• Metallicity: metals are the building blocks of “rocky” planets. In the Milky Way, or in any other galaxy, the amount of metals in the interstellar medium varies with location. Please note that all elements other than (heavier than) hydrogen and helium are called metals in astronomy. Most metals are produced in nuclear reactions in the cores of massive stars and distributed through supernovae explosions into the interstellar medium. Some heavy elements like silver, gold, platinum, cesium, and uranium are produced by violent collisions like neutron star mergers. According to a study, around 4.6 billion years ago, two neutron stars collided near the early Solar System. 0.3% of the Earth’s heaviest elements have been created by this event.
  • Cosmic Threats: Supernovae pose a great danger to the development of complex life. A supernova is a transient astronomical event that occurs during the last stellar evolutionary stages of a massive star‘s life, whose dramatic and catastrophic destruction is marked by one final, titanic explosion. If one occurred within 10 parsecs of Earth the high-energy photons and protons would obliterate the ozone, leaving land animals unprotected from the Sun’s ultraviolet radiation (marine life would be largely unaffected). But, the closer the supernova, the higher the risk. Scientists also associate supernovae with gamma-ray bursts.

3. Our Sun is a stable, long-lasting, and metal-rich star

Our Sun is the most important source of energy for life on Earth. It’s also a stable and long-lasting star.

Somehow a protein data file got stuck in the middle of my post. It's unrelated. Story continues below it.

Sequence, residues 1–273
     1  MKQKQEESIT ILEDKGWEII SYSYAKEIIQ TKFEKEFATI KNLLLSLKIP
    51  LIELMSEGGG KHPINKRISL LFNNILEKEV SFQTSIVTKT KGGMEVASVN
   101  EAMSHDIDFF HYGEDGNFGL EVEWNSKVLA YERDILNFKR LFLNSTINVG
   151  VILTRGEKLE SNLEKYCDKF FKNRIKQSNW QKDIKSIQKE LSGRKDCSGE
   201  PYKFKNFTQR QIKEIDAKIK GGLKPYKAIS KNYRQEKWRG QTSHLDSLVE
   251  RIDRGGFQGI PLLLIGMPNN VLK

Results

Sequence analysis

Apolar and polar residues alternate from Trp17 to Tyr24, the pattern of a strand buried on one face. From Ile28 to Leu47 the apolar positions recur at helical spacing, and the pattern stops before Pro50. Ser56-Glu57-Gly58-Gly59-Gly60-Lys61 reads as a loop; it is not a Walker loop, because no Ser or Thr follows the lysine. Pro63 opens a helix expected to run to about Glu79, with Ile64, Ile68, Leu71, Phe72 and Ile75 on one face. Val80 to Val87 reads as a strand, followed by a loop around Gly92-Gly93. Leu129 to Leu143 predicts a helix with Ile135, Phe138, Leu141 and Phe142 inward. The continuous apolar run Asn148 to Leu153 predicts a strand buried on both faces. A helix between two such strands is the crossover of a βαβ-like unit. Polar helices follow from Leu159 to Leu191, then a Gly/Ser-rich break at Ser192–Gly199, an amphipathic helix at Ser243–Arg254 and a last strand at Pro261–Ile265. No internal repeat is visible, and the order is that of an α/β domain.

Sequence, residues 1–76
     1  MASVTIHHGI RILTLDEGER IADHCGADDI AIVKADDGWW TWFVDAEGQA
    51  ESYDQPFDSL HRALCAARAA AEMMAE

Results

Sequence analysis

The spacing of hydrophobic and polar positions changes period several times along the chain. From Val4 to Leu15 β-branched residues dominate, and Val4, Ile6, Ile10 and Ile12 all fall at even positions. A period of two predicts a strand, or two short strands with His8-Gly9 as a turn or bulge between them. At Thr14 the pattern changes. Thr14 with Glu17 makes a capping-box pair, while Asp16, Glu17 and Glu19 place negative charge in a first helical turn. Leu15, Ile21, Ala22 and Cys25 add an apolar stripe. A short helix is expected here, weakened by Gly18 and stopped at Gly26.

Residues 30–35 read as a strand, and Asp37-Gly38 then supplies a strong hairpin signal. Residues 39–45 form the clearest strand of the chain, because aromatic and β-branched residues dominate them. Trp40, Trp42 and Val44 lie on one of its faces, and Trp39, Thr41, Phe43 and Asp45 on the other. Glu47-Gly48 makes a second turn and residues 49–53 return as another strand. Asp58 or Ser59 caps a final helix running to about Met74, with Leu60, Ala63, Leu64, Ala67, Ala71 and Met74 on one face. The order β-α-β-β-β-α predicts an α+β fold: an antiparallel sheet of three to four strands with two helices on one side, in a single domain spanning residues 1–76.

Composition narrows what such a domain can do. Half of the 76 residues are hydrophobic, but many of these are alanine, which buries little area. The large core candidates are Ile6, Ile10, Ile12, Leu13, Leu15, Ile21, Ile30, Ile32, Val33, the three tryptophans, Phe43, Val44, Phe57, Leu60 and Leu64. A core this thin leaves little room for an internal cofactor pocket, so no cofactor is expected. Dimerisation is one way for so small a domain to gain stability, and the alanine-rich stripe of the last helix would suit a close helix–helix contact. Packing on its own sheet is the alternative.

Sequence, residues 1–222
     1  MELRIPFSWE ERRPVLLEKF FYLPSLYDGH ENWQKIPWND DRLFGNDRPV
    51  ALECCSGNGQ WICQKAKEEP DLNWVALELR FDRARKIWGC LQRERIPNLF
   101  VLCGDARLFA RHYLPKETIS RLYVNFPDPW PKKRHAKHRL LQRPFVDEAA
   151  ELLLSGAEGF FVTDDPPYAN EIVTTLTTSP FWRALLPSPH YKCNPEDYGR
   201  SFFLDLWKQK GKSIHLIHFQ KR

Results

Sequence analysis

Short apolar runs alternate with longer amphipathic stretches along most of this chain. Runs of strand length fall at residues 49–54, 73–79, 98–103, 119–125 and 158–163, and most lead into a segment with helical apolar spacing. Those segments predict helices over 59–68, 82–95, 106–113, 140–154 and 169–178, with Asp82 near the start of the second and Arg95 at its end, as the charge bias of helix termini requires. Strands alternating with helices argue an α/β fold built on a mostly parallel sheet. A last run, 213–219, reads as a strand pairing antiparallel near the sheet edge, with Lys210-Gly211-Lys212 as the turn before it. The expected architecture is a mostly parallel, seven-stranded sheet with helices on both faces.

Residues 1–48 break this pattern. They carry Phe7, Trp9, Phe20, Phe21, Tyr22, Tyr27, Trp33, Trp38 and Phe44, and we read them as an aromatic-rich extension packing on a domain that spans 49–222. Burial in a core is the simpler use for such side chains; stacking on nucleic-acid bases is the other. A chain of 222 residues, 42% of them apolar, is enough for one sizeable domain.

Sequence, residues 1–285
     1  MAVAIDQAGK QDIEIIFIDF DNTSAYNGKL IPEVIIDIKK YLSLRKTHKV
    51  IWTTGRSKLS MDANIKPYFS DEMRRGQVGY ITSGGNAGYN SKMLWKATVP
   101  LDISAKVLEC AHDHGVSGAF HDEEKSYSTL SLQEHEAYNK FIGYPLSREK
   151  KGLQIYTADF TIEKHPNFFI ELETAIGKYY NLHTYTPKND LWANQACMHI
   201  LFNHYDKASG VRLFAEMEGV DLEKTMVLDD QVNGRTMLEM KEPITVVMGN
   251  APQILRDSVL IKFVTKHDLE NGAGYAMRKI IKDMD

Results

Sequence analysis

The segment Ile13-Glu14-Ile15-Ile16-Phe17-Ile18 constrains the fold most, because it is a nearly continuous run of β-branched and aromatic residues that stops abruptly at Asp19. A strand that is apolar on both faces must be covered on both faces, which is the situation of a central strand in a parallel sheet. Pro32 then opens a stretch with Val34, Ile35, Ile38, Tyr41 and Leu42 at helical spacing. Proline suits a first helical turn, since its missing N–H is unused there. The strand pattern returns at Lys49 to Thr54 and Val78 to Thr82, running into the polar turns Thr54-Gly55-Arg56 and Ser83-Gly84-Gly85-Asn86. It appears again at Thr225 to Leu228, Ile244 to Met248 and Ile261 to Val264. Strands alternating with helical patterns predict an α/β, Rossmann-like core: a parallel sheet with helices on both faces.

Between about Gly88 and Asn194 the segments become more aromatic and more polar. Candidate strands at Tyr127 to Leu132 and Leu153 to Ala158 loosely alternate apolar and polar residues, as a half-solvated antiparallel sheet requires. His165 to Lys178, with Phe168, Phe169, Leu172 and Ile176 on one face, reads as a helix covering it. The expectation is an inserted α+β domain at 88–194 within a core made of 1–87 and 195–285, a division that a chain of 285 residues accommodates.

Stars more massive than the Sun live shorter, usually not long enough for planets to develop life. In general, the larger a star, the shorter its life.

Things that make life on Earth possible: Sun in space
Things that make life on Earth possible: The Sun is a G-type main-sequence star (G2V) based on spectral class and is informally referred to as a yellow dwarf. It is stable (even less active compared to its siblings), long-lasting, and metal-rich. Image: NASA

All but the most massive stars live for billions of years. But, the largest stars, known as hypergiants, have lifetimes of only a few million years.

Less massive (such as red dwarfs), or younger stars are often unstable. They are prone to blasting their planets with bursts of radiation.

The Sun is also unusually metal-rich for a star of its age and type. One possibility is that the Sun formed in a part of the Milky Way Galaxy that had an abundance of metals and then migrated to its current position.

Metal-rich stars are more likely to have planets orbiting around them. Observational data suggest that the Earth-like planets likely formed from circumstellar disks with metallicities Z > 0.1 Z_Sun (study).

Furthermore, all life forms require certain core chemical elements needed for biochemical functioning. These include carbon, hydrogen, nitrogen, oxygen, phosphorus, and sulfur, often represented by the acronym CHNOPS. Our solar system contains a lot of these metals (all elements heavier than hydrogen and helium are called metals in astronomy).